John Stewart
Memorial Home

List of Songs

His Albums

Video

Tributes &
Shared Though

My Fantasy
Playlist


John
Stewart is a corner stone in the story of American songwriters and performers. From his work with the Kingston Trio, to The Monkees covering his song “Daydream Believer,” his monumental first solo record “California Bloodlines.” New records and concerts through the 1970’s, and then in 1980 the “Hit” with “Gold” which included Lindsey Buckingham and Stevie Nicks backing. This collaboration continued in the 1980’s, then in the 1990’s his record, “Punch The Big Guy,” was songwriting and singing at his very best. He had a number of discs in the 1990’s, and finished with a collaboration with Darwin’s Army.There were limited cassettes available of a “Secret Tapes” series, which fell into obscurity with no commercial release. There are many songwriters who will cite “California Bloodlines” as a watershed moment when hearing for the first time.

My fear is John Stewart will be forgotten. In this corona virus times, PLEASE consider a home version of a John Stewart tune. With any response to this request, I will set up a YouTube channel :John Stewart Memorial. A list of his songs and what other info I have is available at: www.karlfunds.com/JohnStewartMemorial
Though the list may not be complete, there are more than 400 songs which are mostly linked for more information. [List was culled from various sources including AllMusic.com] There is also of suggested lstarting list of artists who might give-a-damn. The man who gave songs like: Daydream Believer, Never Goin’ Back (To Nashville), Runaway Train, July You’re A Woman, and Gold. Plus, hundreds more. Great songs and great writing. Great contributions from so many artists.

NOTE: I have no authorization, nor do I want money. I want music to remember a great guy who had a 40+ year career.

I listened to the Kingston Trio without knowing names of performers, but I knew the songs and words. I moved in my senior year of high school from Buffalo (very-difficult school system) to Wilmington, DE (very easy) in November of 1970. New town, so, I went looking for record stores. I found, The Record Shop, buried in a back corner of a strip mall. By my second time there, the owner asked if I watched the front while everyone else went in the back to smoke. I didn’t smoke then, so sure I’d cover the front. The third time, they didn’t ask. They all just went in the back. I felt very trusted running the cash register without being hired. I also got to play any open records I choose to. And “California Bloodlines” was my choice. That and "Layla, and other love songs” (Derek and the Dominoes). John was a balance to Hard Rock, and he was also a wonderful entertainer.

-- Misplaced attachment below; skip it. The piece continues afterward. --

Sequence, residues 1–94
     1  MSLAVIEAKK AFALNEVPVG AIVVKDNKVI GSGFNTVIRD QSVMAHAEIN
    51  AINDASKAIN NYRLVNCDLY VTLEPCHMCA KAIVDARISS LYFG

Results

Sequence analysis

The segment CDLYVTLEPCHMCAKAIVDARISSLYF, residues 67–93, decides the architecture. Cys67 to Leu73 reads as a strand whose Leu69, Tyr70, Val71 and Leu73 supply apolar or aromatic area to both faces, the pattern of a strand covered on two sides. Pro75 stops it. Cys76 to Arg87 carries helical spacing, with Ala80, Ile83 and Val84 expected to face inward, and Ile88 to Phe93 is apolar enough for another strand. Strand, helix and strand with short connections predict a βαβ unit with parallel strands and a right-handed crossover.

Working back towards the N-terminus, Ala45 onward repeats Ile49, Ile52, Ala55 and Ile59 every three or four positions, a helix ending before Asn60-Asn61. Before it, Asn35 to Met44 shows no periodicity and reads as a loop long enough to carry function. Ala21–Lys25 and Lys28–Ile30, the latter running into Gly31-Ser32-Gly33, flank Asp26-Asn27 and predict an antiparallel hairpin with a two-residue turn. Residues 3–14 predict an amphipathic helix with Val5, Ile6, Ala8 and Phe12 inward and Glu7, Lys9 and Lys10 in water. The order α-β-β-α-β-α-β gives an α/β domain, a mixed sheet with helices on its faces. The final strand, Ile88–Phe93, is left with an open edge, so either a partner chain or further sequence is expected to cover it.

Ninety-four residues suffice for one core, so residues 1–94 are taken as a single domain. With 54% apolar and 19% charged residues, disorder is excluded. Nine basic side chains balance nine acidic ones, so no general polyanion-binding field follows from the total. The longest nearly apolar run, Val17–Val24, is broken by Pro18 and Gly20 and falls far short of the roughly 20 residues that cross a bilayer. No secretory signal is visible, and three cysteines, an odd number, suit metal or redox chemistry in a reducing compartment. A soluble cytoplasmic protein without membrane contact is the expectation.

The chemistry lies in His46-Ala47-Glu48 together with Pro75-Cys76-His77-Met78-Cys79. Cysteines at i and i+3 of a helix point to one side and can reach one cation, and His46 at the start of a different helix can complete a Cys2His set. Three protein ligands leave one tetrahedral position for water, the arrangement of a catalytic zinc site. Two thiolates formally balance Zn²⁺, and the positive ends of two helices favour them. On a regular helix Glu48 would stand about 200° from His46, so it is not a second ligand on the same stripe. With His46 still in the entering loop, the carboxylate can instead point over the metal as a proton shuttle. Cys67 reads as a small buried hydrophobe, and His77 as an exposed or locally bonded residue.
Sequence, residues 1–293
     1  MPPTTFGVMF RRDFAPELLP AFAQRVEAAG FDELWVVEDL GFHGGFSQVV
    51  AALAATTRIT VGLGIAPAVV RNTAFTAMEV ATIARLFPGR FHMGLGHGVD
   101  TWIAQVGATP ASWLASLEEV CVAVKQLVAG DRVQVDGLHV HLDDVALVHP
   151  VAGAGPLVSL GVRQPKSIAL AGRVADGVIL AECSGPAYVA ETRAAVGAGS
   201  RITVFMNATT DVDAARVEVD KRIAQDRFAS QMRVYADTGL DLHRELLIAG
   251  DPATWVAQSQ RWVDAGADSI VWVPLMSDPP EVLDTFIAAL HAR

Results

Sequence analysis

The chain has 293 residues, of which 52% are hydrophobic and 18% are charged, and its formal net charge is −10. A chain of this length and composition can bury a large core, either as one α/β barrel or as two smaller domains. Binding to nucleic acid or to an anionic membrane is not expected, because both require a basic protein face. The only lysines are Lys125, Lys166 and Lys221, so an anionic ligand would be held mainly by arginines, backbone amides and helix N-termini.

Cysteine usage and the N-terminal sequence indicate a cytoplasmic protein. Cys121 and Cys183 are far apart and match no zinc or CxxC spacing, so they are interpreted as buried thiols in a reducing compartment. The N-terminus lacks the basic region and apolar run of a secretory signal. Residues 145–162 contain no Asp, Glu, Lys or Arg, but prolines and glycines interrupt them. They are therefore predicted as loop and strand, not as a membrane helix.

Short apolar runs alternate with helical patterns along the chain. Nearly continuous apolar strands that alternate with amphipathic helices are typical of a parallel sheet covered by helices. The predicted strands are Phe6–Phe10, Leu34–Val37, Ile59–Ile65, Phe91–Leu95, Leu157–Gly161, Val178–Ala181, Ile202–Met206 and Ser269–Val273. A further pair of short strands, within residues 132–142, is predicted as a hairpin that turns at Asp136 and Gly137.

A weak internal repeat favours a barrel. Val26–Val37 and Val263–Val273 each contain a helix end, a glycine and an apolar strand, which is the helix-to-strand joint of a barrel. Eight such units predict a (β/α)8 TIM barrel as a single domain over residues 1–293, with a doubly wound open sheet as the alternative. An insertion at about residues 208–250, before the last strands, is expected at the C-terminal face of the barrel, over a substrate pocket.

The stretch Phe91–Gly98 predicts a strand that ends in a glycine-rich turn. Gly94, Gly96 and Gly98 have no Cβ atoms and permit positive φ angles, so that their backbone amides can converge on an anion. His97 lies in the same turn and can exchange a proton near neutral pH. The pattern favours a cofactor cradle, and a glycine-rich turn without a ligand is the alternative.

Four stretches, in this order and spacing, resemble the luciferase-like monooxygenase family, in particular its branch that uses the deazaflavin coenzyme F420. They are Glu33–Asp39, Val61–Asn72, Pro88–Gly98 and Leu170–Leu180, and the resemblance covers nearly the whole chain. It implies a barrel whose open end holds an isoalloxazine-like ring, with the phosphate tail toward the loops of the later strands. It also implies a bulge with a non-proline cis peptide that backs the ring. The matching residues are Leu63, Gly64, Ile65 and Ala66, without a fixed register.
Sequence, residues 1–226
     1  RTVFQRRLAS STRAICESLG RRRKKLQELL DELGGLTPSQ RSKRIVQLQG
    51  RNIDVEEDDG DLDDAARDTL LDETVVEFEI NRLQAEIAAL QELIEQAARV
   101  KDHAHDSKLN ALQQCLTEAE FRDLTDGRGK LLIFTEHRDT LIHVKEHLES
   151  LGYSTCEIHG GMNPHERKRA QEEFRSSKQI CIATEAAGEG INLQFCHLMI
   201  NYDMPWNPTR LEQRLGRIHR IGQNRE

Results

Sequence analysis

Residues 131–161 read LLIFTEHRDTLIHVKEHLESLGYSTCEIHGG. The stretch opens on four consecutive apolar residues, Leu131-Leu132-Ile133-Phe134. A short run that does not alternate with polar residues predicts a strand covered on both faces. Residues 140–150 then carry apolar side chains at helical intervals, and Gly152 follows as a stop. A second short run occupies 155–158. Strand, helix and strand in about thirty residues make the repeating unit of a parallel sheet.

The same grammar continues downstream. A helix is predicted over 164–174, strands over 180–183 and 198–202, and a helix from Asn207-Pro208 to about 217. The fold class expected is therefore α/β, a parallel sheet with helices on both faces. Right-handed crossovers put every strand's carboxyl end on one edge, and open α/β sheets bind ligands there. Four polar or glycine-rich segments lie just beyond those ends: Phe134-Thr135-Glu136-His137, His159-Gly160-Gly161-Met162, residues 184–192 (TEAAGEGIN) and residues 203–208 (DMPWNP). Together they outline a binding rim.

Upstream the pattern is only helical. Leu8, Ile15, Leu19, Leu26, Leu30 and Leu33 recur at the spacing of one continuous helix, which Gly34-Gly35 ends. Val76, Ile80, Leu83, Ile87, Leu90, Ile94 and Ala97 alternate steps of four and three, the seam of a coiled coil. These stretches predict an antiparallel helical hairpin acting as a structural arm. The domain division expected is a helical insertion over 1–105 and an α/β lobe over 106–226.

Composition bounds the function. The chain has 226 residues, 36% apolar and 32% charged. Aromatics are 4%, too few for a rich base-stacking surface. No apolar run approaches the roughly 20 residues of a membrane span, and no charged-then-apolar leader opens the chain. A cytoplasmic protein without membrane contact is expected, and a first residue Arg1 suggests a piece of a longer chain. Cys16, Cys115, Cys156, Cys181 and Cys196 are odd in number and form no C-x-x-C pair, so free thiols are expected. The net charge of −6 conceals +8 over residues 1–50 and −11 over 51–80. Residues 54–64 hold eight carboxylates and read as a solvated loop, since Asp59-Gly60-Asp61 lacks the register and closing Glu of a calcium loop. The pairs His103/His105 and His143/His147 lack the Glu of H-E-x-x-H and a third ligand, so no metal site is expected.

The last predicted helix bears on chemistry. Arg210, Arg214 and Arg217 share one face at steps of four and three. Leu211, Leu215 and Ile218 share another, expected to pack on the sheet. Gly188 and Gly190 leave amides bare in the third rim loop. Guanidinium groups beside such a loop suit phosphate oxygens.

He would tell stories and make fun of the “folk humor.” Stewart tells the story about The Monkees going to cover his “Daydream Believer” and the producer, Chip Taylor, calls him up, but the corporation won’t let Davey Jones sing the word “Funky” in the second verse. The changed it “happy.’ And John isn’t happy, but three months later the song is number #1 around the world when he called Chip to say “You know, “happy” is working pretty well.”

He is part of my music lexicon.

Please consider contributing your interpretation or homage to Mr. Stewart.  Let his memory live on.

Karl Funds: Kfunds@hotmail.com

Reference:

I'm missing a few which I purchased as downloads.